He noted that many business owners think they can secure their
premises with a licensed gun.
"It helps them to some extent and persons can apply to the Com-
missioner of Police and if there is a legitimate concern, the concerns
will be considered," he said.
However, said Mr Evans, the police do not want to send out a
message that crime is at such a high level that personal guns are
needed.
"We do have some concerns about crime in our community,
because obviously if there is one crime, homicide or traffic fatali-
ty we are deeply concerned at the Royal Bahamas Police Force.
"We are concerned about crime on the whole, we are con-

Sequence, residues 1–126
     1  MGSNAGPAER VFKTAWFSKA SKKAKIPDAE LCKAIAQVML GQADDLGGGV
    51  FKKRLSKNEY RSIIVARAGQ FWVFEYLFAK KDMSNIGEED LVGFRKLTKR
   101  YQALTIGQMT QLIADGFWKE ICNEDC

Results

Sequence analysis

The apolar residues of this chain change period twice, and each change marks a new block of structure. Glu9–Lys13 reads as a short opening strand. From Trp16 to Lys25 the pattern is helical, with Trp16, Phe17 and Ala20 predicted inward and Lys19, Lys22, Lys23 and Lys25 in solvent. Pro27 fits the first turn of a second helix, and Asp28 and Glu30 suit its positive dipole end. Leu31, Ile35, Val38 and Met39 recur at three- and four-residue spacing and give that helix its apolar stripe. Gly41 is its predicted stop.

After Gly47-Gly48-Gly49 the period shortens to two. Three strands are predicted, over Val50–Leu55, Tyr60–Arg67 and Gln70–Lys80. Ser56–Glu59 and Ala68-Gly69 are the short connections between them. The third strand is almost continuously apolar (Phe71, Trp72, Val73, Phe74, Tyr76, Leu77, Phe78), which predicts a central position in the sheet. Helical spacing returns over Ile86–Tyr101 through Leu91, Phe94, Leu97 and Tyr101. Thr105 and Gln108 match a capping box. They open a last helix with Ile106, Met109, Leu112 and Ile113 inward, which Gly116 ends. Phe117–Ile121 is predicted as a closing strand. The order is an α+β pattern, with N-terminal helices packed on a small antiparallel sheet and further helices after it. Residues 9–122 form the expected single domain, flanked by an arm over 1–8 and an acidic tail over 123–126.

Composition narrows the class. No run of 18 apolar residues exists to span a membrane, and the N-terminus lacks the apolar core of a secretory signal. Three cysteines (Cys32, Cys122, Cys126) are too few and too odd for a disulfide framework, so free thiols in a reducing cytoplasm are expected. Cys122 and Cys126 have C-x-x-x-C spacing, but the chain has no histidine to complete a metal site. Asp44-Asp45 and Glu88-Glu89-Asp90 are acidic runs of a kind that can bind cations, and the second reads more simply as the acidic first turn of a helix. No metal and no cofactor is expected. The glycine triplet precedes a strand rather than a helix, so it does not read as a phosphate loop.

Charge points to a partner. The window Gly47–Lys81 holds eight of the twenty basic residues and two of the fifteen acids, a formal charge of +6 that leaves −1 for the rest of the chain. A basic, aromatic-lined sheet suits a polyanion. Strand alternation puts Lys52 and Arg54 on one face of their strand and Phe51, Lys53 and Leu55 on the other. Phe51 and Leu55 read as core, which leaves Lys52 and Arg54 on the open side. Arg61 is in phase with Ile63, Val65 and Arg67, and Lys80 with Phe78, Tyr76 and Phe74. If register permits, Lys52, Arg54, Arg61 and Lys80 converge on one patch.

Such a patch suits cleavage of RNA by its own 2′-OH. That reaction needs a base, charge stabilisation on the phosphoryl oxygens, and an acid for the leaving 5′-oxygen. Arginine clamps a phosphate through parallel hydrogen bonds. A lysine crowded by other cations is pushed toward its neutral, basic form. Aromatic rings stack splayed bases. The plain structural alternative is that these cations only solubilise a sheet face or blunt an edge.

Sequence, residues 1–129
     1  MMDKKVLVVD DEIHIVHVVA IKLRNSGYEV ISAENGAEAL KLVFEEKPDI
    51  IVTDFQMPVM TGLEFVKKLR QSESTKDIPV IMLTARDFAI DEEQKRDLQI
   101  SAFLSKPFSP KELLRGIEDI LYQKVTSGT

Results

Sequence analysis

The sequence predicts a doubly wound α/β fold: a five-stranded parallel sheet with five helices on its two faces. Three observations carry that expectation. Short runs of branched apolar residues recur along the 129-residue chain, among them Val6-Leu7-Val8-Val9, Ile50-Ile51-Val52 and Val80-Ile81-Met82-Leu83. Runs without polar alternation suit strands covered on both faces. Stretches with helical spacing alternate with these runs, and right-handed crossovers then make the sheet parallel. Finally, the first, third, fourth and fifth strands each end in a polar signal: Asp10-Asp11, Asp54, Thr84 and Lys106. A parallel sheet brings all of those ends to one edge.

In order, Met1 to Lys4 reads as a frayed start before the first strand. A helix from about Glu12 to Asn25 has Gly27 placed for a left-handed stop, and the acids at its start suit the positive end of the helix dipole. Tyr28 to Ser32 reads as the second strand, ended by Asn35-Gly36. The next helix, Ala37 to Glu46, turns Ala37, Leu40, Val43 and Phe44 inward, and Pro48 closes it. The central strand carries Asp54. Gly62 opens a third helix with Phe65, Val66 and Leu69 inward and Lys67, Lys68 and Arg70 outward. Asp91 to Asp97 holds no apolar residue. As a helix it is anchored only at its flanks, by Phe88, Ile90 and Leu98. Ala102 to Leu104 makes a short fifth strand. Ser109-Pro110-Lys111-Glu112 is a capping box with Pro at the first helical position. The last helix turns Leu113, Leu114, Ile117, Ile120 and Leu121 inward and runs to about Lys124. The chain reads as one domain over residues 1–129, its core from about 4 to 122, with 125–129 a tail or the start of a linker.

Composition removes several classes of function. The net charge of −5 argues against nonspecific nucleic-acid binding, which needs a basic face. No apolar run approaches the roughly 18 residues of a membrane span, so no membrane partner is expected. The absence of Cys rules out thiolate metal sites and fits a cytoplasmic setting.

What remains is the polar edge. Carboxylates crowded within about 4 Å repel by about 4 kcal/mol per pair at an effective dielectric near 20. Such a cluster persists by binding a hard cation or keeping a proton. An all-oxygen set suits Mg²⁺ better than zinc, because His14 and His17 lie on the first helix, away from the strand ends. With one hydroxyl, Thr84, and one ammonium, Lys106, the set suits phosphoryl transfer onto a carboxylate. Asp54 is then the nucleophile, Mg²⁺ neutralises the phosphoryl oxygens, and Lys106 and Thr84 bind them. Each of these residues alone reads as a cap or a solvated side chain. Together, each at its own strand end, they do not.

cerned about persons being robbed, persons being deprived of
their personal possessions. There are persons who work hard, and
there are persons who want to deprive them of their personal
possessions. It's unfair and we don't condone that."
Mr Evans said the matter is being investigated to determine
whether any charges will be filed and if so what those charges
might be.
There were more than 100 armed robberies for the first quarter
of last year. While Mr Evans was not certain what the 2006 num-
bers were so far, he knew they were below the 2005 figure.


insinuations to the media that
Monday's action by UTEB had
anything to do with Ms. Hod-
der's race. "It has nothing to do
Ms Hodder's race, but every-
thing to do with consistency in
the process for finding suitable
candidates and consistency in
qualifications of candidates who
are considered."
"Normally," said Mrs Dotson
on Monday, "the job is adver-
tised, persons applying for the
job, they are short-listed, their